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Erehwon: Fiesta II Exhibition Statement


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“C.S. Lewis spoke of a ‘secret thread’ that unites every person’s favorite books, music, places, or pastimes. Certain things trigger an ‘inconsolable longing’ that gets you in touch with the Joy that is God.” -Timothy Keller, The Meaning of Marriage

I first visited Japan in June of 2012 when I spent a month working with a student ministry in Tokyo. When I left, summer was about to begin, and while I’d just escaped the intense heat of the season, I felt as though I was missing so much more. I had a deep sadness but a hope in my heart as I returned home to finish my art degree that I would one day come back to Japan and be able to enjoy the summer season in its fullness. When I got an opportunity to teach in Sendai, Japan at the beginning of this year, I was beyond overjoyed. This year has been a time of adaptation, discomfort, humbling, and constant discovery. I have been gleaning insight about Japan and also about myself; allowing this process to inform my work. It is a narrative of longing and the hope for fulfillment.

Tanabata is a Japanese summer festival that Sendai is famous for throughout Japan. Rooted in the Chinese legend of the Weaving Princess and the Sheepherder, it is inspired by the metaphorical separation and movement of two stars, Altair and Vega, across the heavens and being “reunited” by the “magpies” of the Milky Way galaxy. Throughout the month of July and early August, outdoor festivals with food, drink, and fireworks are enjoyed by neighbors, family and friends. In businesses and other social hubs, bamboo is cut and placed where people can tie strips of paper where they write their wishes. Some are for sick family members to get well, others are wishes for good scores on tests or landing a desired job. Others are prayers.

As a Christian, the bamboo rising up in unexpected places throughout the city reminds me of the palm fronds that the people carried in Jerusalem, when Jesus came through on the foal of a donkey. The people were longing for a king to save them from the oppression of Rome, and they cried out “Hosanna”, or “Save us.” Others perhaps felt a different longing, perhaps for a humble shepherd to step in. Each piece I have made is a prayer painted, cut, pinned, or collaged with the hope of Christ’s work to be evident in my life; changing how I see the world, how I reach out to others, how I reach out to Him.

Tanabata is also celebrated with large, colorful paper streamers featuring intricate patterns and designs that are hung in the shopping arcades of the city. I’d been with my students on a trip in the Kansai region of Japan during the beginning of August, so when I returned to Sendai, I saw what was left of the streamers as they were taken down; they lay in dirty heaps as they were being tidily swept away and discarded. As striking as the streamers are in their beauty, their ephemeral nature reminds one that this season, this world, is swiftly passing away. All beauty we see here is a mere shadow of the beauty of eternity. Human relationships also work on a similar level. For instance, the potent example of marriage: As it is written,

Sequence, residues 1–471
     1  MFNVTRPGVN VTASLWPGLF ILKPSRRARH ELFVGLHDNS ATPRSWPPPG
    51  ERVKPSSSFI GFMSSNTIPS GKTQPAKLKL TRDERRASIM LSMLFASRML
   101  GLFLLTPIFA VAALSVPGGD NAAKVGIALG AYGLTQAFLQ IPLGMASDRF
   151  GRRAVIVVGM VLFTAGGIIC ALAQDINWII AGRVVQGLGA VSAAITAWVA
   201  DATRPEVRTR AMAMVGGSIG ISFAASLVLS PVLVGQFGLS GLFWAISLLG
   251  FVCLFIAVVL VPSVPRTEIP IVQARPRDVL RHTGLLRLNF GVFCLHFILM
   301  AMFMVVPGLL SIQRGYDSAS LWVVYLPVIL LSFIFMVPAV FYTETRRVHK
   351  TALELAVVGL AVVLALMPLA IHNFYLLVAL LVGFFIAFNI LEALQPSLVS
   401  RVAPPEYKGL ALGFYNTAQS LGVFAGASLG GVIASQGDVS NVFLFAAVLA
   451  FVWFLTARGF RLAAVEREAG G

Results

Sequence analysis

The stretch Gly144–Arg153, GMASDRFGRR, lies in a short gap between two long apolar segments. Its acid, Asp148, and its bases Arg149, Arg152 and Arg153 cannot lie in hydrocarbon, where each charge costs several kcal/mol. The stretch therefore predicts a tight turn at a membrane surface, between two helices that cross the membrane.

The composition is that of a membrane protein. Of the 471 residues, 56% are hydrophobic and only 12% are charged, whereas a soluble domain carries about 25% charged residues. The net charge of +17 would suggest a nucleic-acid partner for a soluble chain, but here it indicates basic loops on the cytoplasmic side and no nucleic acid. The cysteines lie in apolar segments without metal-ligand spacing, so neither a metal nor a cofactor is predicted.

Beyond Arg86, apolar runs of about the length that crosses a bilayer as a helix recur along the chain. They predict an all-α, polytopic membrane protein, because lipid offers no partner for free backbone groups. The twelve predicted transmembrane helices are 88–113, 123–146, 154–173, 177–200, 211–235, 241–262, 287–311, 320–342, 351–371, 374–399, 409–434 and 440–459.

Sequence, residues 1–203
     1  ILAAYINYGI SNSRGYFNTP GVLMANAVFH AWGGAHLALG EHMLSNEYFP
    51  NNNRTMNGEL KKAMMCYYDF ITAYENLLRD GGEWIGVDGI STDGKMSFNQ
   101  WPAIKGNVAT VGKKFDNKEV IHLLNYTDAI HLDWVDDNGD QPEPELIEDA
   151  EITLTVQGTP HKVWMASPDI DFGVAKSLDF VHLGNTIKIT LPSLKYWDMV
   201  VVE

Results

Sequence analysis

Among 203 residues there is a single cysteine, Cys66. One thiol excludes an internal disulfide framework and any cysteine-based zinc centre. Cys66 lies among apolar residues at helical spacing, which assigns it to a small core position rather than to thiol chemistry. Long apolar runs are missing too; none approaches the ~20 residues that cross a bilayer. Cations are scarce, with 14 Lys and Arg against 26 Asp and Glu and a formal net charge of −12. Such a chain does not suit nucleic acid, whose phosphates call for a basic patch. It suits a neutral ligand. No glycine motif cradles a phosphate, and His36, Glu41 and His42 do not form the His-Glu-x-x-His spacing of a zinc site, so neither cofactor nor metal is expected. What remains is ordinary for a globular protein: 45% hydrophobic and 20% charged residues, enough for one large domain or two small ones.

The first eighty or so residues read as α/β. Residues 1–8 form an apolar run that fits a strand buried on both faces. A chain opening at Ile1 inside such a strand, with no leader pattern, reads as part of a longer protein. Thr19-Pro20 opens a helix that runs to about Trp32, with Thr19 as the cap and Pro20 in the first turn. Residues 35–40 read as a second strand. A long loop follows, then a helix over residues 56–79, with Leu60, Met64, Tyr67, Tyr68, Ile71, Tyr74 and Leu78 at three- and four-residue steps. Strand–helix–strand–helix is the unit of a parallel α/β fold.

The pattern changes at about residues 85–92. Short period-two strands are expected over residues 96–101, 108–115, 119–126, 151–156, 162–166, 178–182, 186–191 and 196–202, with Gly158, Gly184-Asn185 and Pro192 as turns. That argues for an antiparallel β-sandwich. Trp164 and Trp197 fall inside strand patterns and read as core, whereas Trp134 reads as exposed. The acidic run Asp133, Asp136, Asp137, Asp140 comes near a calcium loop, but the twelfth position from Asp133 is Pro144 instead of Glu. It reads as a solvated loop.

“Husbands, love your wives, as Christ loved the church and gave himself up for her, that he might sanctify her, having cleansed her by the washing of water with the word, so that he might present the church to himself in splendor, without spot or wrinkle or any such thing, that she might be holy and without blemish.” -Ephesians 5:25-27.

As much as there is pain and disappointment in many marriages we see in the world today, it is remarkable that the God of the Bible chooses to speak of Himself and His earthly church in terms of Husband and Wife. Even as we are imperfect and passing away in this life, God sees His people as how He is transforming them. As an example of what this dynamic looks like in an earthly relationship:

“…Jonathan Edwards said that “true virtue” in any person– contentment, peace, and joy from the gospel–is beautiful. We have been exploring marriage as a means to help one another become the glorious, unique persons God is making us. Marriage partners can say, “I see what you are becoming and what you will be (even though, frankly, you aren’t there yet). The flashes of your future attract me.” -Timothy Keller, The Meaning of Marriage

God Himself can see beyond who we have been in our past, who we are now presently, and what we will become, even into eternity. In His loving perfection, He is committed to our transformation, crossing the heavens to reach out to us.

“For the Church has no beauty but what the Bridegroom gives her; he does not find, but makes her, lovely.” -C.S. Lewis, The Four Loves

“Jesus died not because we were lovely, but to make us lovely. He died, Paul says, to ‘make us holy’.” -Timothy Keller, The Meaning of Marriage

The summer season is now drawing to a close. I have written my heart’s prayers on paper and tied them to the bamboo. Summer rain has washed my doorstep and watered the plant by my door. I’ve closed my eyes and laid down on the grass in the park and watched fireworks explode past the silhouettes of the trees with my friends, I’ve heard the cicadas shouting in the bushes right before the heat gets too intense; right before it rains. It is my seventh month here in Japan. The beauty of the seasons, of both nature and life, continue to overwhelm me. My prayer is that I keep my heart open to the pursuing heart of God, and that my life, as I lay it down before Christ each day, will be my wedding gift to Him.


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